“Music is a moral law. It gives a soul to the universe, wings to the mind, flight to the imagination, a charm to sadness, and life to everything. It is the essence of order, and leads to all that is good, just and beautiful, of which it is the invisible, but nevertheless dazzling, passionate, and eternal form.”

Sunday, March 26, 2017

How is Schumann's Fantasy Like Beethoven's Sonata Op. 111?

Robert Schumann
My very advanced student brought the first movement of Schumann's Fantasy, Op. 17. He played rather convincingly, if a bit overwrought for my taste. That is, he had in mind that this

is a 'big' piece. Well, yes, it covers a lot of emotional ground, but sometimes, as in the opening, it's only forte strings with no brass doublings.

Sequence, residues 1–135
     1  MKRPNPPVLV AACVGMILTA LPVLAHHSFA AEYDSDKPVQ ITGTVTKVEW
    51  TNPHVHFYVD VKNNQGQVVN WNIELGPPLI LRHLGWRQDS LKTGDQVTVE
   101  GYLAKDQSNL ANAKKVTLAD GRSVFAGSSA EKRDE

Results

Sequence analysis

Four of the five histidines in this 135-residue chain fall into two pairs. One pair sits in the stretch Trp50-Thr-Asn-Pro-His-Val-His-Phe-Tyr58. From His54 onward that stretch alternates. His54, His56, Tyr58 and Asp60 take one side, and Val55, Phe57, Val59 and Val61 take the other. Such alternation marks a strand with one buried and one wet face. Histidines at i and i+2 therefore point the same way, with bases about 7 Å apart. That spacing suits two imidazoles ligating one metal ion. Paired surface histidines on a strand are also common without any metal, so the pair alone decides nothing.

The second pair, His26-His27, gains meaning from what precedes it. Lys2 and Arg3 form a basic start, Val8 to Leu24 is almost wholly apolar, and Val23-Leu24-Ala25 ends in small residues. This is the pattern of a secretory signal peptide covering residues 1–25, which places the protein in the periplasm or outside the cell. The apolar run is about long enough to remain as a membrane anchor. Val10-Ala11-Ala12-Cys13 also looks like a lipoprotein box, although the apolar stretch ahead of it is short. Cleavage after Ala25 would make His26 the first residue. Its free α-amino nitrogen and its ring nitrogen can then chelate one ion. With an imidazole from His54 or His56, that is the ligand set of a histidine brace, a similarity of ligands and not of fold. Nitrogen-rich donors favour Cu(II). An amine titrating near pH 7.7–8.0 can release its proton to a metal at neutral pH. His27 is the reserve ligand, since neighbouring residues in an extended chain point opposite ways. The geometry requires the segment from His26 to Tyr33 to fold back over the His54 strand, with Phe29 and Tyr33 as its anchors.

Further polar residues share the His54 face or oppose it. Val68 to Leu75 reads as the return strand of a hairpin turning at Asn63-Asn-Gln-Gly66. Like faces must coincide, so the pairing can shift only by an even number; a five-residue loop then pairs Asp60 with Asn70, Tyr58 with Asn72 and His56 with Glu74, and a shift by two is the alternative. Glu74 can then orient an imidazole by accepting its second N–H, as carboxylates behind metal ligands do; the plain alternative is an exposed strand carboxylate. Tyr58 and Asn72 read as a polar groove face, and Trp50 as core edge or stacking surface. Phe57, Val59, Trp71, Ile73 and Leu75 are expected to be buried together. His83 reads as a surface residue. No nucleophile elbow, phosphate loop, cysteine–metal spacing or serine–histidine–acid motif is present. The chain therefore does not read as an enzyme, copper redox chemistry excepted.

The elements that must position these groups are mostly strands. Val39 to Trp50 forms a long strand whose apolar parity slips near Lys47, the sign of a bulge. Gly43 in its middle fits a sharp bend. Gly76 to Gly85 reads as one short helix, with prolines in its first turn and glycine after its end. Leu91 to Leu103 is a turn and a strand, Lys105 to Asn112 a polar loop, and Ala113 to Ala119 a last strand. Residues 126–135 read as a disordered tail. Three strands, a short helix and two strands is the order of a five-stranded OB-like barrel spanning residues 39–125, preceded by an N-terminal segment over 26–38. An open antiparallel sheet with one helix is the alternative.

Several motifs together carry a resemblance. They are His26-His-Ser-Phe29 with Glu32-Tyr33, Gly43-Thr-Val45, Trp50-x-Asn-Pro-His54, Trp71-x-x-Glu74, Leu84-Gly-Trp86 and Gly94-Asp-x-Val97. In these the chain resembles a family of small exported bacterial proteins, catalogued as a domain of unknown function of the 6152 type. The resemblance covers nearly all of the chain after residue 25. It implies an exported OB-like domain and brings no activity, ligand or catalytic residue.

His question for me, though, had to do with discomfort on the second page where the second violins play trills against the first violins' descending melody notes. This became a technical challenge for him:
As Written
     I told him to reference the penultimate page of Beethoven's Sonata Op. 111, where a similar confusion of voices and trills encumber the unsuspecting pianist. The Schumann example is played:
As Played
     Once the coordination between the voices in the right hand has been solved and coordinated with the left hand, the thirty-second-note trills can relax a bit, if desired.
     I leave it to you, gentle reader, to solve Beethoven, armed now as you are with the technical tools.

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